Publication details for Peter CraigBarcelo Culleres, D, Black, R, Boesten, J, Boobis, A, Hardy, A, Hart, A, Koepp, H, Luttik, R, Machera, K, Maroni, M, McGregor, D, Meyer, O, Moretto, A, Papadopoulou-Mourkidou, E, Petzinger, E, Savolainen, K, Schaeffer, A, Stenström, J, Steurbaut, W, Tsipi-Stefanitsi, D, Vleminckx, C, Aldenberg, T, Craig, Peter, Forbes, V & Roelofs, W (2006). Opinion of the Scientific Panel on Plant health, Plant protection products and their Residues on a request from EFSA related to the assessment of the acute and chronic risk to aquatic organisms with regard to the possibility of lowering the uncertainty factor if additional species were tested. And Appendix: Mathematical and statistical basis of options for risk calculations (section 5 of the opinion). Parma, Italy, European Food Safety Authority.
- Publication type: Report
- Keywords: Plant protection products, Pesticides, aquatic risk assessment, Safety factors, Assessment factors, Level of protection, Species sensitivity distribution (SSD), Extrapolation, Standard toxicity tests.
- Further publication details on publisher web site
- Durham Research Online (DRO) - may include full text
Author(s) from Durham
The Scientific Panel on Plant Health, Plant Protection Products and their Residues (PPR Panel)
was asked by EFSA for an opinion on the possibility of refining the acute and chronic aquatic risk
assessment of pesticides by lowering the assessment factor if additional species were tested. In
particular, the PPR Panel was asked how these values could be reduced when additional singlespecies
studies are available whilst still maintaining the same level of protection as foreseen in
the Directive 91/414/EEC.
The current approach for acute and chronic risk assessment to protect the ecosystem against
adverse effects of pesticides uses the lowest available toxicity value from laboratory standard
toxicity tests, i.e. the most sensitive tested species, and divides this value by a fixed assessment
factor. This results in an increase of conservatism when more species are tested and does not
reflect the increased certainty that more data provide.
To answer this question the PPR Panel reviewed existing literature, guidance documents, and
data. Statistical calculations based on species sensitivity distributions were used to develop a
range of options for adjusting the risk assessment when more species are tested.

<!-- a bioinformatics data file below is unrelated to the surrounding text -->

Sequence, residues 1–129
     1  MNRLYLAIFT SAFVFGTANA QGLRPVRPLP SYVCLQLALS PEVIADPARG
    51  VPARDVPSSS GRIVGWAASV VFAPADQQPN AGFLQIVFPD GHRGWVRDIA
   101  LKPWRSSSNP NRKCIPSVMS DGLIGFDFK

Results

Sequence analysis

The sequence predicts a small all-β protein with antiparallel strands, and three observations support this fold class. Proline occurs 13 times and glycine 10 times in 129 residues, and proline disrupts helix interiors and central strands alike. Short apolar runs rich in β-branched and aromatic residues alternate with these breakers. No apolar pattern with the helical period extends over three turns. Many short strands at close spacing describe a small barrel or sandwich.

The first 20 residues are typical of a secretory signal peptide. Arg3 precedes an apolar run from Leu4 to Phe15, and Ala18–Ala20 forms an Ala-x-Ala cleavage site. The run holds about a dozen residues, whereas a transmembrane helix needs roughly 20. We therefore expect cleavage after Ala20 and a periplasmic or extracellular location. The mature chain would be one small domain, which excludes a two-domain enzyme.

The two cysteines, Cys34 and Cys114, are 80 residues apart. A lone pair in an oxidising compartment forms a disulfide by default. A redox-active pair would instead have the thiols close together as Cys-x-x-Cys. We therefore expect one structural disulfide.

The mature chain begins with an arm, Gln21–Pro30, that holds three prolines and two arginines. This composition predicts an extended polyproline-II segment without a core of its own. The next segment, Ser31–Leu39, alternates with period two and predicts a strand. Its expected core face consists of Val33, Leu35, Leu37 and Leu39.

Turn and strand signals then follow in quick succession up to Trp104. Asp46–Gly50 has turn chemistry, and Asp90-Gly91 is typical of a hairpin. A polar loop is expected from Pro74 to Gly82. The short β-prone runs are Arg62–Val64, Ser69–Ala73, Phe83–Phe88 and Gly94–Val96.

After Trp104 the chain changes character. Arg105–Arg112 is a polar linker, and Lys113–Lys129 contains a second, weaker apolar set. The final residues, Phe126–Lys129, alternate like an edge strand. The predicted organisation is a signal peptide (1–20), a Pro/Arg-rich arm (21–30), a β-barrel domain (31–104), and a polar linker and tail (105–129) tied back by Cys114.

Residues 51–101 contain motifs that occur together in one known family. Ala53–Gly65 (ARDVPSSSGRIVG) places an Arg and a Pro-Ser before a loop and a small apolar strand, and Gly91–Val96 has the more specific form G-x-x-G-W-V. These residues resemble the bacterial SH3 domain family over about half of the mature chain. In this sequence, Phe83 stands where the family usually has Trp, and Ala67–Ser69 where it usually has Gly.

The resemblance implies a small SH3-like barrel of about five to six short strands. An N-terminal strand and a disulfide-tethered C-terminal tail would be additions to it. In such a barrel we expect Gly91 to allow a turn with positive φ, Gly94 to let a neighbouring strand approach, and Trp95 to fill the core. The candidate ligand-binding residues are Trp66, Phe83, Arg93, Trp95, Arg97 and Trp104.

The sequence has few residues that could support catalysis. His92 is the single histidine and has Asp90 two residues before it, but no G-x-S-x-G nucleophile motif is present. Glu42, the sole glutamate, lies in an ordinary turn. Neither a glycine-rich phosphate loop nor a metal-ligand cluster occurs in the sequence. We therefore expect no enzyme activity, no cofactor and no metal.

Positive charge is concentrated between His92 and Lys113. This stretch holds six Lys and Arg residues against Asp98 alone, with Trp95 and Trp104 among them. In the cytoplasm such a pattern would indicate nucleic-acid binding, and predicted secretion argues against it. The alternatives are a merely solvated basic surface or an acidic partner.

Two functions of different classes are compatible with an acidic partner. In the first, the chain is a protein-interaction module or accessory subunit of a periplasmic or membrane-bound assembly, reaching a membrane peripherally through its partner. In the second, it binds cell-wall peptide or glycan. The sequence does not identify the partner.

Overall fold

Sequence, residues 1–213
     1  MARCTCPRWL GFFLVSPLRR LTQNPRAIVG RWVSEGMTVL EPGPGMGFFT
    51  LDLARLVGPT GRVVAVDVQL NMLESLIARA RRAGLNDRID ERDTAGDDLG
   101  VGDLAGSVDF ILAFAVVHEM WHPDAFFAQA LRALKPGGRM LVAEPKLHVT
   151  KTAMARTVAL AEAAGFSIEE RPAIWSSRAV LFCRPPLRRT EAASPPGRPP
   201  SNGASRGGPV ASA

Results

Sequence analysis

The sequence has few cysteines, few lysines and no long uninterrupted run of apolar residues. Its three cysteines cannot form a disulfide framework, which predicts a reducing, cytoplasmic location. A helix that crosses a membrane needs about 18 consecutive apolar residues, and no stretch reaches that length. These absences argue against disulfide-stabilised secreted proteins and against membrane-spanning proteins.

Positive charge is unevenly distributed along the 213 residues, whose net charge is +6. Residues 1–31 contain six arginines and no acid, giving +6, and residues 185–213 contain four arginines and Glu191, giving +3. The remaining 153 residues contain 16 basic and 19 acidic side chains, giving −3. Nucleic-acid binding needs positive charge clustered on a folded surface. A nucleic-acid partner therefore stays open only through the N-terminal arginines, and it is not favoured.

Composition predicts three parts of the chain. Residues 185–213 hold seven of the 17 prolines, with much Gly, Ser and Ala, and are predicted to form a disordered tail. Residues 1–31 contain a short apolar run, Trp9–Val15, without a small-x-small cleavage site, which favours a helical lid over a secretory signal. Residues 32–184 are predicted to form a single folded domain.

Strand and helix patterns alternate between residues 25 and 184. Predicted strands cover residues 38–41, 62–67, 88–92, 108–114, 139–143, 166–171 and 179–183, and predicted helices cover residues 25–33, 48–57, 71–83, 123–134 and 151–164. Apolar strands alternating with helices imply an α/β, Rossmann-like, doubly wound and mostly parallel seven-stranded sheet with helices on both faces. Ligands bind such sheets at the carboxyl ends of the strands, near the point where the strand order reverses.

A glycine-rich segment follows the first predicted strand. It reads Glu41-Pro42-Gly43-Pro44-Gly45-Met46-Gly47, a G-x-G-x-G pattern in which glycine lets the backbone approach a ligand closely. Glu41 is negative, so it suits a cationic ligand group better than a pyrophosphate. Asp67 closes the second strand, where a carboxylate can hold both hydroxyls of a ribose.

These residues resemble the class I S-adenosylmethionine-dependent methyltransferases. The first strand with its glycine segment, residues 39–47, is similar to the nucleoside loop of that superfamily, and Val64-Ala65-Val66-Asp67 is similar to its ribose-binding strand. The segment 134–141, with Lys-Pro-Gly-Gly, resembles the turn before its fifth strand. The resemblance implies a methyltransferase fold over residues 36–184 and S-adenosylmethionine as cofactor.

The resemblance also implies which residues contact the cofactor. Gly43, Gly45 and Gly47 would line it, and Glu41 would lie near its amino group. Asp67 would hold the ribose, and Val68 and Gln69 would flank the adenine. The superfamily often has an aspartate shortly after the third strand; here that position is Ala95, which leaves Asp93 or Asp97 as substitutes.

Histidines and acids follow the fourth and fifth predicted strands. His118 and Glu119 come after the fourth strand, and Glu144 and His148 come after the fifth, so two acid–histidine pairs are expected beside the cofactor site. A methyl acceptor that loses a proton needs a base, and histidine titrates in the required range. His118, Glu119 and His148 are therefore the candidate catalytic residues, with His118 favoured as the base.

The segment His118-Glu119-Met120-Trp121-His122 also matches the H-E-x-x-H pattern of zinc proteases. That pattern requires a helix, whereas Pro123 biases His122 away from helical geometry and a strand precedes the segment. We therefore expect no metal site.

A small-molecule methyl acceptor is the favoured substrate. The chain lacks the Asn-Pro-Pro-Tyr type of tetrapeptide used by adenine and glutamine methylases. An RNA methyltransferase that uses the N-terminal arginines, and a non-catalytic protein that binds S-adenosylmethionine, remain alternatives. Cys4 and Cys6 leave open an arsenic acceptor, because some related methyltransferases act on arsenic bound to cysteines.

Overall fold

The PPR Panel assessed the current level of protection and found that it is not equal for
different taxonomic groups and for different substances. On average, the level of protection
provided by the current approach is, for example, markedly higher for fish than for crustaceans
and insects. The PPR Panel identified a range of possible methods either to maintain at least
the current unspecified level of protection, or to achieve any specified level of protection.
For taxonomic groups where the legislation requires only one species (e.g. crustaceans), this
effectively sets the level of protection in the effects assessment. When additional species are
tested, the same average level of protection can be maintained by taking the geometric mean
(rather than the lowest value) and dividing by the current assessment factor.
For fish, where the legislation requires that at least two species are tested, this implies a higher
level of protection in the effects assessment. In this case, a different procedure is required when
additional species are tested. The minimum is then replaced by the second or third lowest
toxicity value depending on the sample size available, and divided by the current assessment
The Panel described three further approaches that allow a particular level of protection to be
achieved, provided such a level is specified. These methods involve using a modified
assessment factor that incorporates an estimate of the variation between species, which can
either be specific to the substance under consideration or derived from existing information on
related substances. These three methods relate only to uncertainty due to variation between species. Any other uncertainties that are relevant to the assessment would need to be
accounted for separately.